Tougher competition for milk products in the home market

We might have missed the worst of the flooding as seen in other parts of Britain, but it’s still wet out there and getting wetter every day.

Wednesday, 29th January 2014, 9:35 am

Wellingtons are still well up the list of useful inventions as farmers and staff plodge through the daily round of livestock care and feeding or as those with “only” crops to worry about try to pick their way round the dry parts of fields.

Ankle deep in mud or shin deep in water it’s difficult to decide whether a mild, wet winter is preferable to one of frost and snow. I suppose the proviso is that when the snow and ice finally melts we’re back where we are now in mud and water.

In 1903 there were 5735 dairy farms in Scotland, average herd size 39 cows.

There are now 993 dairy farms, down 18 on last year, average 165 cows. That fewer farms/bigger herds trend will continue as milk quotas are about to be scrapped, in 2015, after 30 years.

Volatile markets and soaring production are forecast which will mean even tougher competition in the home market and a search for new markets overseas for milk products.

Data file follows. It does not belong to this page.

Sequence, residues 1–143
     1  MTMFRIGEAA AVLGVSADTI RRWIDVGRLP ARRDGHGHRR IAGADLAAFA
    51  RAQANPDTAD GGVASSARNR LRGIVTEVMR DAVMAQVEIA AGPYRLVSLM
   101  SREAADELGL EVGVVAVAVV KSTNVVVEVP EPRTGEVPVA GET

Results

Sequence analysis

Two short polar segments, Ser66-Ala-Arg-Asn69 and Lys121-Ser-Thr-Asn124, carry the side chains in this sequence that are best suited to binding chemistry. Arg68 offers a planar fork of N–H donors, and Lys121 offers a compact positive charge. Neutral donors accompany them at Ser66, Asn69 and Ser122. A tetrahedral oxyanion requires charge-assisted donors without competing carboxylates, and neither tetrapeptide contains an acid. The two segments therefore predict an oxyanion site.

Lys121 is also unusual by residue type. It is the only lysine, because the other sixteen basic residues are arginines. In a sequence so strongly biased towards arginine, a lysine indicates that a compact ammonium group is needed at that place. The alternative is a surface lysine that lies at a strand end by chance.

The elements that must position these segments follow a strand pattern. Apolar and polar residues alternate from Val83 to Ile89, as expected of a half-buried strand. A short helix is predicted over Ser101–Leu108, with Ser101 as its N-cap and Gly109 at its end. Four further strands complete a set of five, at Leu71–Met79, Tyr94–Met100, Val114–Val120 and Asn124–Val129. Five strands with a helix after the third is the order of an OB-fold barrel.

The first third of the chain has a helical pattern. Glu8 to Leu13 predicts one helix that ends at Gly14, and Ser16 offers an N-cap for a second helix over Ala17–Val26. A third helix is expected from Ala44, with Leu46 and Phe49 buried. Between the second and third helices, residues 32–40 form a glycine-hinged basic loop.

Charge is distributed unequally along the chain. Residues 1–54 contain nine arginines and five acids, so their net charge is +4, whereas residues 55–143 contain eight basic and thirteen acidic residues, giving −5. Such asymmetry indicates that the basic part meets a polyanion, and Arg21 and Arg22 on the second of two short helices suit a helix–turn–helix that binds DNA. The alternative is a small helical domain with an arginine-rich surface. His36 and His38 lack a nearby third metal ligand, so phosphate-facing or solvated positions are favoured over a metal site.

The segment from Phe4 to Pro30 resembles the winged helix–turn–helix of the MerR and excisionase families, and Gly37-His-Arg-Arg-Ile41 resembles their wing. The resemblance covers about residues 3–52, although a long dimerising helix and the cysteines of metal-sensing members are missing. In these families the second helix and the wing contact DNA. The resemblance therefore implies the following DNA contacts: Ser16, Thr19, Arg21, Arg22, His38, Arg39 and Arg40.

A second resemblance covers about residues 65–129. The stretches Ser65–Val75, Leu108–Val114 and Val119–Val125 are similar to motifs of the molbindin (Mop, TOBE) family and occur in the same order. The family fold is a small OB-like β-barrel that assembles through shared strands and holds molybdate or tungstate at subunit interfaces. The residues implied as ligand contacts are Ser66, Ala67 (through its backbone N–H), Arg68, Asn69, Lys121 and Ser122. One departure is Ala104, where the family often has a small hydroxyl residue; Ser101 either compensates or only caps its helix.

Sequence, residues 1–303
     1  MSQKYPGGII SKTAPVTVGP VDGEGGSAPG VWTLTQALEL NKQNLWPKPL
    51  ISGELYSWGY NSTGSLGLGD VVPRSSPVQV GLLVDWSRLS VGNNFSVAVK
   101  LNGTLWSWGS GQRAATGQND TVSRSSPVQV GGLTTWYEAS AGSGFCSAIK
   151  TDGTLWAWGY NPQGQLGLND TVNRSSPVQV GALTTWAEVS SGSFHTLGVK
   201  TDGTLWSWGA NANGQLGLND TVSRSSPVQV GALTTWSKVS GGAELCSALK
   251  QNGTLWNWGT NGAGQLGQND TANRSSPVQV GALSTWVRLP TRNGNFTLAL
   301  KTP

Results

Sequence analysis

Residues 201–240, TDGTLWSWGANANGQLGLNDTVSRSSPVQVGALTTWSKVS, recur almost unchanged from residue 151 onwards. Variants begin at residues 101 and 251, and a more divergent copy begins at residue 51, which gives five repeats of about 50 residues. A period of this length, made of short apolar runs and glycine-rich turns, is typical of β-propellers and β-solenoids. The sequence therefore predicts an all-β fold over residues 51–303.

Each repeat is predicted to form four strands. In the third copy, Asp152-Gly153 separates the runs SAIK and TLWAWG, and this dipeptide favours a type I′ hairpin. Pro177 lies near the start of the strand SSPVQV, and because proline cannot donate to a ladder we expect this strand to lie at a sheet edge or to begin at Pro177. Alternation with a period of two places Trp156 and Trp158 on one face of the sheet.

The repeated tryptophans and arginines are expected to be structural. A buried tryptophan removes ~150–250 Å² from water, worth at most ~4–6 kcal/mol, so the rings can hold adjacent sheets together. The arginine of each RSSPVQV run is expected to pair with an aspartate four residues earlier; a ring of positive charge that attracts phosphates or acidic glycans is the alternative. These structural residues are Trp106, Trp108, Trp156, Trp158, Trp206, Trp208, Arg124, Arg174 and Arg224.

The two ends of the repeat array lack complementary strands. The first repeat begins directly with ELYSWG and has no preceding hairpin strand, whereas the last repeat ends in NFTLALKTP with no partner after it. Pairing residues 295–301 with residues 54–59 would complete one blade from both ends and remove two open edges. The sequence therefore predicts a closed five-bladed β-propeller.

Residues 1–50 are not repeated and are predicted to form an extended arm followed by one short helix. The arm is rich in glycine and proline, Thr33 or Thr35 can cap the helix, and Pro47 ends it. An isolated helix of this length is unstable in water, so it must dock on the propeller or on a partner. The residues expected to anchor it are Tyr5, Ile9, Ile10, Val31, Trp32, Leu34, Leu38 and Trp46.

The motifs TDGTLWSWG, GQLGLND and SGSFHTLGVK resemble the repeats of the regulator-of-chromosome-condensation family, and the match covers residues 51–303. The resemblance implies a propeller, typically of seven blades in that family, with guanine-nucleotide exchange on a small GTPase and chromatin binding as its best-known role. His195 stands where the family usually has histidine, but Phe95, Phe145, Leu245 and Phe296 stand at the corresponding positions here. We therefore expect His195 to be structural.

These most recent figures also confirm how dairy farming is concentrated in the milder West of Scotland with 236 herds in Ayrshire and 160 in Dumfriesshire. There are now only two left in Berwickshire after the recent sale of Jimmy Hodge’s Lemington herd, average herd size 424; two in East Lothian, average 307; two in Peeblesshire, average 336; and nine in Roxburghshire, average 244.

It’s a specialist business.

As so often with farming, conflicting stories can confuse the reader. Last week there was a “Beef in crisis” headline at the same time as “Cattle prices up almost 7% on the year.” Can both be correct? Indeed they are.

Marketprices for cattle are higher than last year because there are fewer beef cattle for sale. And unless something is done about implementation plans for the European Union’s common agricultural policy (CAP) beef farmers warn that decline in number will become catastrophic.

The nub of the problem is that the proposed way of paying subsidies from 2015 will cut payments for most beef and sheep farmers.

Monitoring of farm accounts suggests that with present support payments only a small percentage of specialist beef farmers make a profit.

A cut in payment will, they say, make beef production impossible.

The Scottish government accepts that there are problems, but says it has no leeway to alter CAP decisions. It is banking on home and overseas demand for Scotch beef to keep farmers in business. Good luck with that.

The knock-on effect of the disastrous weather of 2012 and lost income especially from crops was that last year farm machinery sales in Britain dropped 4%. Tractor numbers sold fell by more than 10% but – another sign of the times – the average size increased to more than 150hp.